Hi Ginny Belden,
The four stage model you refer to was first proposed in ecology by C.S.
Holling in "The resilience of terrestial ecosystems: Local surprise and
global change" in Sustainable Development of the Biosphere, edited by W.C.
Clark and R.E. Munn, 1986, Cambridge University Press, Cambridge, England.
Together with a colleague I applied it to human organizations in D.K.
Hurst and B.J. Zimmerman, ""From life cycle to ecocycle: A new perspective
on the growth, maturity, destruction and renewal of complex systems",
Journal of Management Inquiry 3, no.4 (December):339-354.
In my recently published book "Crisis & Renewal: Meeting the Challenge of
Organizational Change" Harvard Business School Press, 1995 I take the
model one step further to allow for the fact that humans (unlike trees)
have the capacity to be rational actors. The resulting 8 stage model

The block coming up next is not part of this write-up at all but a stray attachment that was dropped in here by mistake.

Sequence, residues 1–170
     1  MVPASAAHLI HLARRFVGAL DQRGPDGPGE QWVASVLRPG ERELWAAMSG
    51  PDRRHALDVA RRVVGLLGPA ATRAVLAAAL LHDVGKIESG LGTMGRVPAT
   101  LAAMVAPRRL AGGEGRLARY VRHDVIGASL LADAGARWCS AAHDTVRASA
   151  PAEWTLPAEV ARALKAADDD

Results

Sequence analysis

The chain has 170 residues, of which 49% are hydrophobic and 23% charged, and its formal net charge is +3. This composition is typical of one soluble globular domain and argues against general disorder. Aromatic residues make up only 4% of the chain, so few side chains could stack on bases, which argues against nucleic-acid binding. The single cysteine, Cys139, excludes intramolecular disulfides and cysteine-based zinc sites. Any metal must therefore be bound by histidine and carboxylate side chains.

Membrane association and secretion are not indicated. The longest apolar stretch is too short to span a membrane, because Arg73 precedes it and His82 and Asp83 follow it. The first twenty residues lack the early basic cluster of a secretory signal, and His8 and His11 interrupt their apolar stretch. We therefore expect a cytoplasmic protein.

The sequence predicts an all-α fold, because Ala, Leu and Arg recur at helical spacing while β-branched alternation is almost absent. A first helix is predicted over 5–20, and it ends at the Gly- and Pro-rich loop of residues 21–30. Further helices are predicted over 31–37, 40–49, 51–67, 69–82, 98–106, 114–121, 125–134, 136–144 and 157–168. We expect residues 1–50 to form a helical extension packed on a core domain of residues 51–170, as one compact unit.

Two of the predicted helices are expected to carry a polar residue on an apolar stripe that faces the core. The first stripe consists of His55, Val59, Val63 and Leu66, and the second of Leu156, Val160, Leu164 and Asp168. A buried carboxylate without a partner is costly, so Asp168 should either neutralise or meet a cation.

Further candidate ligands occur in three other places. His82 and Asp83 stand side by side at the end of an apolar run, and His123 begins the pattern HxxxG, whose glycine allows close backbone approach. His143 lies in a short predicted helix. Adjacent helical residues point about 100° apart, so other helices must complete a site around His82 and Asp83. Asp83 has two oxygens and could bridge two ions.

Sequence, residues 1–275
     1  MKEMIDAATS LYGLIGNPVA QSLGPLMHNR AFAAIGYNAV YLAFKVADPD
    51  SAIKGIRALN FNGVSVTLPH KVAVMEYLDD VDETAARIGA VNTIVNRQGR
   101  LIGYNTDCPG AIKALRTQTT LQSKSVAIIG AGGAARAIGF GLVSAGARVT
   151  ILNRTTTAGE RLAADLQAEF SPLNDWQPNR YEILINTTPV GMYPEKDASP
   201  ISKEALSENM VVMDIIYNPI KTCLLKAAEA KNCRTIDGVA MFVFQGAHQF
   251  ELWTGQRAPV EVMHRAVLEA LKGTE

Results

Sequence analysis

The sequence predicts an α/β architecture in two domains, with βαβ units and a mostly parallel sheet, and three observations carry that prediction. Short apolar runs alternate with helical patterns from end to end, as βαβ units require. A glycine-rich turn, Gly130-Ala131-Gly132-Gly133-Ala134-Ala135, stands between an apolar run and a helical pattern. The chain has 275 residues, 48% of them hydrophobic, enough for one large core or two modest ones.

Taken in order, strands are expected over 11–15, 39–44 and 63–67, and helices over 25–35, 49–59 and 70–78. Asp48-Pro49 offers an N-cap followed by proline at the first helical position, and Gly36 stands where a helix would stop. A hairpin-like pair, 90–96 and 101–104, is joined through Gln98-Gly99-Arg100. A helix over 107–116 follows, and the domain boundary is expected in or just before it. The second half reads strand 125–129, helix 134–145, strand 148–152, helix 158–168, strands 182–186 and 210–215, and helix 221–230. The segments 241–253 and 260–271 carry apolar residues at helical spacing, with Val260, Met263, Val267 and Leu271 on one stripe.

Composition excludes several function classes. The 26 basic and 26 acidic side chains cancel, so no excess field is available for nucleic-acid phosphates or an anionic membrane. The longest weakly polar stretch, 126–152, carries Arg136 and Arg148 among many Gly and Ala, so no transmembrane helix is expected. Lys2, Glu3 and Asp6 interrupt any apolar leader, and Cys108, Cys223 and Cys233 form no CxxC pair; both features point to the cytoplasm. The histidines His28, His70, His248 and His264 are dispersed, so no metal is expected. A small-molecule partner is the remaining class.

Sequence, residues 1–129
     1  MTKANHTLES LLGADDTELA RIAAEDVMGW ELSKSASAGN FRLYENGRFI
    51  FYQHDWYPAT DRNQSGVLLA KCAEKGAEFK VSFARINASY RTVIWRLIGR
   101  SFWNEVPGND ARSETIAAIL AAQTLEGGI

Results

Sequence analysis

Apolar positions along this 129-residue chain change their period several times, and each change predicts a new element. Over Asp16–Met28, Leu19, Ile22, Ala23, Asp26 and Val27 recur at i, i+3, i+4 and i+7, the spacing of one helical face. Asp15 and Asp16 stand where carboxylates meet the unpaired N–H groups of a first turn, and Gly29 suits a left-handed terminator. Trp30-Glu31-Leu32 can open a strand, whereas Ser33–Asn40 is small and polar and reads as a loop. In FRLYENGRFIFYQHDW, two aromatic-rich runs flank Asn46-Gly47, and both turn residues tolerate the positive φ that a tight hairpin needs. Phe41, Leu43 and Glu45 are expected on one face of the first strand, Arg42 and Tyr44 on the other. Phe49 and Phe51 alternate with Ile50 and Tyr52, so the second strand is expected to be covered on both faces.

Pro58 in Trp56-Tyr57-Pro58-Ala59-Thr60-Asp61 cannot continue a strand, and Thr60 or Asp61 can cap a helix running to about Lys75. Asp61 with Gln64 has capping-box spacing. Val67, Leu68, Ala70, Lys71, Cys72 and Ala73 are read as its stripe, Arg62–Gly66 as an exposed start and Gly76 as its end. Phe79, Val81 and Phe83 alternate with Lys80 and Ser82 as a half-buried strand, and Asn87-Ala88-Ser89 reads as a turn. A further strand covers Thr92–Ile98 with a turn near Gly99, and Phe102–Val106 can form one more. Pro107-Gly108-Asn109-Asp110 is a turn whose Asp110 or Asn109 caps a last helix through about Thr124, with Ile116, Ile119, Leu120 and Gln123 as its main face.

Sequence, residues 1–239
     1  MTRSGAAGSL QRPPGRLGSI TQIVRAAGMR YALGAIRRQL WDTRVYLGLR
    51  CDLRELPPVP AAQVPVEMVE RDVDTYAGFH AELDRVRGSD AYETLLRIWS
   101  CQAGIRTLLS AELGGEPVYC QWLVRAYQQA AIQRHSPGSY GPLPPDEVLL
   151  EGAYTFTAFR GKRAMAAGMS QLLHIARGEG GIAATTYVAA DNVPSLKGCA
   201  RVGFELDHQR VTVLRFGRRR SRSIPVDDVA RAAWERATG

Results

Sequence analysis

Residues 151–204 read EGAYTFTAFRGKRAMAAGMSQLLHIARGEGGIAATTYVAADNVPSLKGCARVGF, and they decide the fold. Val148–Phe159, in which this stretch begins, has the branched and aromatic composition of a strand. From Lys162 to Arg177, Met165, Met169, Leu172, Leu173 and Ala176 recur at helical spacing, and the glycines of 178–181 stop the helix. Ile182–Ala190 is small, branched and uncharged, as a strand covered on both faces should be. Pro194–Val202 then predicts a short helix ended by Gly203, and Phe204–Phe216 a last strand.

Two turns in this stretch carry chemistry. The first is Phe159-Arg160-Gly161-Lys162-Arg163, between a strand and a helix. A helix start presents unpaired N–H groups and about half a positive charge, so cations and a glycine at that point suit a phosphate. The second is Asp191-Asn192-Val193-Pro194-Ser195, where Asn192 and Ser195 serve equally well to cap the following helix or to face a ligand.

integrates three perspectives on management action, which have usually
been thought of as mutually exclusive:
1. Emergent Action: managers are free to act but ignorant -- their
problems are unanalysable: the classical entrepreneurial situation.(Forest
equivalent: the open patch)
2. Rational Action: managers understand cause-and-effect relationships and
are free to act on that knowledge: the business schools' favourite
assumption.(No forest equivalent)
Constrained Action: managers know what to do, but are constrained by the
system and unable to act: the population ecologists' point of view.(Forest
equivalent: the mature forest)
The resulting model is an "infinity loop", which adds a cycle of renewal
to the familiar life cycle. It also bears a striking systemic resemblance
to the Taoist Tai Chi symbol.
-- David Hurst (email@example.com) Speaker, Consultant and Writer on Management